Ebay and the lure of old documents

The Withey archive of early modern documents is growing. So far, I’ve collected a few bits and pieces, usually from dealers on Ebay and, frankly, at ridiculously low prices. For a few pounds I’ve picked up everything from seventeenth-century newspapers to early modern doctors’ receipts. Star of the show is a beautiful eighteenth-century Welsh notebook which I paid a little bit more for, but couldn’t pass by.

All were legitimately for sale by professional dealers, probably originally bought at some auction or other of old documents. In terms of provenance, there isn’t much, but my experience tells me that they look and ‘feel’ right. If anyone was going to buy them, why not an historian with an interest in (and love for) the time period and topics they represent? Whilst in my charge they are carefully stored and looked after, and they give me the opportunity to study them at my leisure without the usual constraints of the searchroom.

But somehow it still doesn’t feel entirely right. There is a real tension between the desire to own something tangible from the period you study, and the knowledge that you are only its custodian. To me, there is something about the ‘black market’ about it; surely these things belong in a repository or a library?

I’ve spoken to other colleages about this, and opinion varies. For some, like me, there is the sense that the documents were going to be bought anyway, so it might as well be to someone who will respect and care for them. Others take a dimmer view, and suggest that the correct thing would be to pass them on to the relevant record office. But record offices are often full to brimming. What would happen to my documents if I donated them? They would be stored properly – maybe better than I can – but would they be used? Wouldn’t they just join the morass and seldom see the light of day again?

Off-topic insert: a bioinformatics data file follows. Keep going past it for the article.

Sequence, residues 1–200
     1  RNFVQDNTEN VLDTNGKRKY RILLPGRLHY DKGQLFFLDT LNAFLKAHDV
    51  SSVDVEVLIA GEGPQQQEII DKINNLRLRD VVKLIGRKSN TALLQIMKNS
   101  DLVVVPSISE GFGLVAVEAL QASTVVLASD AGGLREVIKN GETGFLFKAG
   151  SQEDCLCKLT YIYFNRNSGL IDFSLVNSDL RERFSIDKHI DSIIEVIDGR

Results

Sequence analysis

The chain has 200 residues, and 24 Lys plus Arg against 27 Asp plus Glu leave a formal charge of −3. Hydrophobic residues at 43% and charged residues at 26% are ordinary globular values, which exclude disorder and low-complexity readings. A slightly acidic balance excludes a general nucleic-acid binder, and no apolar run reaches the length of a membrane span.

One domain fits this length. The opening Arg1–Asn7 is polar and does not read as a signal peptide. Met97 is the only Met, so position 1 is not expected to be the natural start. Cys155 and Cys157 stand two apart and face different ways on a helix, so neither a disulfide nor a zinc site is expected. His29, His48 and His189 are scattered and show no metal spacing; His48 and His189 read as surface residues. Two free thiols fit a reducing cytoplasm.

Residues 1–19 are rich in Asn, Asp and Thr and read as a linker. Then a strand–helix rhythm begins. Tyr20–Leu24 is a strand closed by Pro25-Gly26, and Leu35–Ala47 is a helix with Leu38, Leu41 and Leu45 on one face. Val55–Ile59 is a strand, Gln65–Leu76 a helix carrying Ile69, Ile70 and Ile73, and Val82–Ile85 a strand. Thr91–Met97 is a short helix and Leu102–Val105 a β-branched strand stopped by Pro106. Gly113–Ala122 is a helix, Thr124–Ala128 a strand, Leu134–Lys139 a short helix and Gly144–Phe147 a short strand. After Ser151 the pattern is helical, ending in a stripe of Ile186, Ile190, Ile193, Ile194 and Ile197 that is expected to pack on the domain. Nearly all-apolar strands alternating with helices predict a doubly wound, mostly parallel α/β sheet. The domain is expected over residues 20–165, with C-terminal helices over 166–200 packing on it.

For the moment they stay with me and I’ll continue to try and unlock their secrets which, in the case of the notebook, is no mean feat given that it jumps between Welsh and English at random, and is largely anonymous. As more and more things come up for sale, I keep telling myself (and Mrs W.) that enough is enough and I won’t get any more. Only time will tell if this is a resolution that lasts.

One thought on “Ebay and the lure of old documents

  1. Keep collecting, I say! Especially if you find something that really appeals and the price is right.

    I don’t think museums & archives would look on Ebay to find new acquisitions, so you might as well provide a safe haven for these homeless pieces of ephemera. I don’t see anything “black market” in this at all. Museums do not have the monopoly on everything old – they can’t manage all their collections efficiently as it is. Quite often you read in the news about a museum that suddenly “discovers” an important artefact in its store room that they never knew they had. If it was so important, then why did they have it stashed away and not on public display?

    I, too, collect old books and newspapers from Ebay, but won’t buy anything over 5 Euros. The books are mostly Victorian/Edwardian and are favourite writers that I read anyway. Newspapers are from the 20s & 30s – the journalistic style is totally alien to what we’re used to today. The small ads are a joy to read. At one point, I realised that I could just as easily read these newspapers online somewhere without all the hassle of a dirty old paper lying around. But it’s not the same as having a tangible piece of history in your hands – the original owner of one of my papers had filled in the crossword puzzle.

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